Hormone Production and Relief From Morning Sickness
There is nothing quite like standing in front of a room full of colleagues to do a presentation, only to puke into a wastebasket mid-sentence. If you struggle with morning sickness, chances are good that someone has tried to comfort you by telling you that you will "feel better when your placenta takes over." It's hard to be patient when you want to feel better, especially if you have other children who want attention from mommy. However, as the placenta develops, most women do naturally find relief and feel better.
What the Placenta Does
The placenta is an endocrine organ that begins to develop after implantation of the embryo in the uterus. It provides oxygen and nutrients to your growing baby through the umbilical cord. The placenta also filters out waste and toxins from the baby's blood and is responsible for the production of several hormones, including the progesterone necessary for sustaining your pregnancy.
When the Placenta Takes Over
In the beginning of your pregnancy, the corpus luteum forms from the ovarian follicle that released your egg, and it produces progesterone to support pregnancy while the placenta develops. During this time, women are 70 to 80 percent more likely to experience the nausea and vomiting of morning sickness, which is relieved only when the placenta develops enough to take over production of progesterone. This normally happens from 8 to 13 weeks, or by the end of the first trimester. Once the placenta takes over, the corpus luteum reduces in size until it finally resolves, by 20 weeks at the latest. During the second trimester, the fully functioning placenta and resulting departure of the corpus luteum and morning sickness grant most women a much-appreciated burst of energy that's not experienced at any other time during pregnancy. The second trimester is the ideal time to set up the nursery or get ahead of projects at work before the baby comes.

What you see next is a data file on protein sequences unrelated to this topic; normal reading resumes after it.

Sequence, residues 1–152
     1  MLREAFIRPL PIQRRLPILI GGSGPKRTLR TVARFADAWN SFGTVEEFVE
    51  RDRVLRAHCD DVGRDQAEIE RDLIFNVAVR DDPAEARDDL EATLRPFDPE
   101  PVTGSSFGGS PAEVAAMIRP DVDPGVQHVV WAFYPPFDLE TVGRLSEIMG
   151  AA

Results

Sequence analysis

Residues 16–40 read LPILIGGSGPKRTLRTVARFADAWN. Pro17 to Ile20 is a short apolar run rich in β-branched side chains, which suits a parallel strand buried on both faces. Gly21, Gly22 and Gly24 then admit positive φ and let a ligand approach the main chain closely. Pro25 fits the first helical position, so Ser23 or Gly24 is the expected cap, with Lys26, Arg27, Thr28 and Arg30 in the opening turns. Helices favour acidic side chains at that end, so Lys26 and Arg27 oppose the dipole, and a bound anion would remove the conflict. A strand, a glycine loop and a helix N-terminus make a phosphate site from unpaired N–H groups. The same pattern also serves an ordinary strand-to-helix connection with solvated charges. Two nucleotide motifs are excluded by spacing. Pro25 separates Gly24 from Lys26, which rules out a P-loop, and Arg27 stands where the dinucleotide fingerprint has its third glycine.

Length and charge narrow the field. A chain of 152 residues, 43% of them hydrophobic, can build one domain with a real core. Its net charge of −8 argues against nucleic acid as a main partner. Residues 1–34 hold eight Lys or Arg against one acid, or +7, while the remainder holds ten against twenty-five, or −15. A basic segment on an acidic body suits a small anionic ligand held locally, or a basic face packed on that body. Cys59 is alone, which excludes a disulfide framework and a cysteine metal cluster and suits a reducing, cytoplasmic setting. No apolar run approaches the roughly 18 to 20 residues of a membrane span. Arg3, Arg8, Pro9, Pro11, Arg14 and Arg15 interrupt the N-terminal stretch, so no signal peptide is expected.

What to Expect
Expect normal pregnancy nausea and vomiting to continue at least through your eighth week of pregnancy and to gradually decrease over the next few weeks, as the placenta increases production of progesterone and the corpus luteum gradually dies off. Don't expect overnight relief, but know that morning sickness does not last forever, and gradual improvement provides welcome relief.
When to See a Doctor or Midwife
Make sure to see your doctor or midwife when you have concerns about your body, pregnancy and baby. If you're having trouble keeping down food or fluids, you could have a more severe form of morning sickness that can be treated with medication, fluids or lifestyle changes. If you experience spotting or cramping, your doctor or midwife can check your body and baby, as well as make sure the placenta is developing properly. If you're concerned, ask your doctor or midwife to rule out placenta previa, placenta accreta or placental abruption. Usually, a detailed ultrasound will show the vessels of your placenta and uterus functioning normally and put your mind at ease. Sometimes, your doctor or midwife will recommend bed rest, hospitalization or a change in birth plans.